If you’ve lived anywhere in Arizona long enough, you’ve likely encountered at least one scorpion.
Scorpions have become synonymous with the American Southwest — although various species can be found all over the United States and in other parts of the world — to the point that any tourist can pick up their own scorpion encased in a block of resin, with the trinket often molded into the shape of the state of Arizona.
Despite their unattractive — or “scary” — appearance, not all scorpions are particularly dangerous, especially in Arizona.
In Sedona and Northern Arizona, there are three common species most likely to be found out and about: the Arizona hairy scorpion [Hadrurus arizonesis], the striped-tail or devil scorpion [Vaejovis spinigerus], and the bark scorpion [Centruroides exilicauda].
The Arizona hairy scorpion, despite its size — it can grow up to seven inches in length — is venomous like all scorpions, but its venom is not considered particularly potent. It is also the least common of the three major species found in Arizona, and tends to burrow in the hot summer months.
In terms of venom potency, the same can be said for the striped-tail scorpion, which is smaller than the Arizona hairy and considered the most common species in the state.
Stings from both Arizona hairy and striped-tail scorpions can hurt like a bee sting, but are otherwise only harmful if the person being stung has an allergic reaction.
The bark scorpion, meanwhile, is another story altogether.
According to the Arizona-Sonora Desert Museum, the bark scorpion is the only one of the three that displays an affinity for climbing and clinging to walls, trees and overhangs, and combined with its lighter, more translucent appearance compared to other species, it can be the one most likely to be accidentally picked up or stepped on.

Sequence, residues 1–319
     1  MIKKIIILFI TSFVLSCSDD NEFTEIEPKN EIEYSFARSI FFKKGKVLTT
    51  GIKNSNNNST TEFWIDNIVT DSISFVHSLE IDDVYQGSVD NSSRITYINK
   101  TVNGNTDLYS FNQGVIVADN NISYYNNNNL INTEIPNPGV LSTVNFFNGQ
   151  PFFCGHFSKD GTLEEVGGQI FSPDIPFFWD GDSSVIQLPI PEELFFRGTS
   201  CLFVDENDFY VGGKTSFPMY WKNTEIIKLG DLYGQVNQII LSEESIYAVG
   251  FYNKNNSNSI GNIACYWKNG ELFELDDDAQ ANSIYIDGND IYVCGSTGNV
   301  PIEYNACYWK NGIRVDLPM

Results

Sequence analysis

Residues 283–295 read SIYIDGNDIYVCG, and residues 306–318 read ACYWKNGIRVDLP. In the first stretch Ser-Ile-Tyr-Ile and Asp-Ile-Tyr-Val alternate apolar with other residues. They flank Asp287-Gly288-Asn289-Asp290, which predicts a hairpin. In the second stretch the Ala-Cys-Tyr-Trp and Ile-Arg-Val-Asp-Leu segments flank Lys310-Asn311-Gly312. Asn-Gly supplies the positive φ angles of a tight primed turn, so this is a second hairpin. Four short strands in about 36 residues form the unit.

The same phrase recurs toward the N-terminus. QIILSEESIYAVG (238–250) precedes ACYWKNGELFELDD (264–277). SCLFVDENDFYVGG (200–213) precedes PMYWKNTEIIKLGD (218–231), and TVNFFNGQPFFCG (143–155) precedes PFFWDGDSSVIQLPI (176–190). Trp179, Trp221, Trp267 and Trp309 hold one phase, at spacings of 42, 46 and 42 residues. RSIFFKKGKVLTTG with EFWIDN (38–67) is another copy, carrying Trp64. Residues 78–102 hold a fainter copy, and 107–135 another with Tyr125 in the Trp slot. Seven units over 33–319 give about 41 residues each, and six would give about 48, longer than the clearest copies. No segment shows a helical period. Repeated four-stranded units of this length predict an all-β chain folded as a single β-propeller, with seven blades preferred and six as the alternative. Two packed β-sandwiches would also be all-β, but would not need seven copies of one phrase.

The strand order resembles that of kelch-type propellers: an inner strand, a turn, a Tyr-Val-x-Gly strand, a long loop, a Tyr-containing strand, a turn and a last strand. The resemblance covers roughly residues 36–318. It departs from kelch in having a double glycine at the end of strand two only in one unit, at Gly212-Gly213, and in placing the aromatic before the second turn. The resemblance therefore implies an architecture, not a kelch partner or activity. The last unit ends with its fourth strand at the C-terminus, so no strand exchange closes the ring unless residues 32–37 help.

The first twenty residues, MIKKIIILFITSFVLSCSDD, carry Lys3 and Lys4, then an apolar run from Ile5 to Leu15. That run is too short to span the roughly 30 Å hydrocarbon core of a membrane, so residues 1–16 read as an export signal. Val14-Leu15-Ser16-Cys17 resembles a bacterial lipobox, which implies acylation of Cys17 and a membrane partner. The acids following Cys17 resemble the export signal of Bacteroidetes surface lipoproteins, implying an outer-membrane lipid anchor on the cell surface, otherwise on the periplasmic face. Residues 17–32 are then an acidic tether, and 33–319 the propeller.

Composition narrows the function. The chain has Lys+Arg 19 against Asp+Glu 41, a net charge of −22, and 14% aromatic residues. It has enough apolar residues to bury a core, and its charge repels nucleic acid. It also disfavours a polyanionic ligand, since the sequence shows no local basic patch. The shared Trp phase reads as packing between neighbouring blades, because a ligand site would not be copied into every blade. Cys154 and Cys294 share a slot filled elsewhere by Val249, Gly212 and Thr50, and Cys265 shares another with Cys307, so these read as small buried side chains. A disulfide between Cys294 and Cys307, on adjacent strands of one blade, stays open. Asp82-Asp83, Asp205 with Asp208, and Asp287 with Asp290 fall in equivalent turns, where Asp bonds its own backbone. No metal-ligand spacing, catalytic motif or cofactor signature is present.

Unfortunately, the bark scorpion — the most venomous species in North America — is the one species of the three whose sting is considered harmful to humans and pets, as well as the species most likely found around the house, in closets, cabinets and garages or a tool shed.
As summer fades away and temperatures begin to drop, bark scorpions can become more common indoors and are the only species known to coexist with each other in groups.
According to the University of Arizona, the bark scorpion’s sting can typically cause numbness and pain in adults, with only small children, animals and people with weak immune systems in life-threatening danger. Fatalities from bark scorpion stings are incredibly rare, with the University of Arizona noting only two recorded deaths in the state since the 1960s.
Cool — not cold — compresses and over-the-counter painkillers are generally recommended for most stings from scorpions.
All scorpions are photophobic — displaying an aversion to light — and are primarily nocturnal predators. During daytime hours, hikers out on a trail are more likely to find a scorpion hiding under a rock than actively hunting.
To find scorpions during their peak hunting hours at night, all one needs is a black light, as most scorpions have a fluorescent chemical in the skin of their exoskeleton that glows under ultraviolet light. In recent years, many hardware stores have begun stocking UV flashlights for customers in need of home pest control.
According to the National Park Service, natural predators to scorpions include birds and snakes, as well as lizards, mice and even bats.
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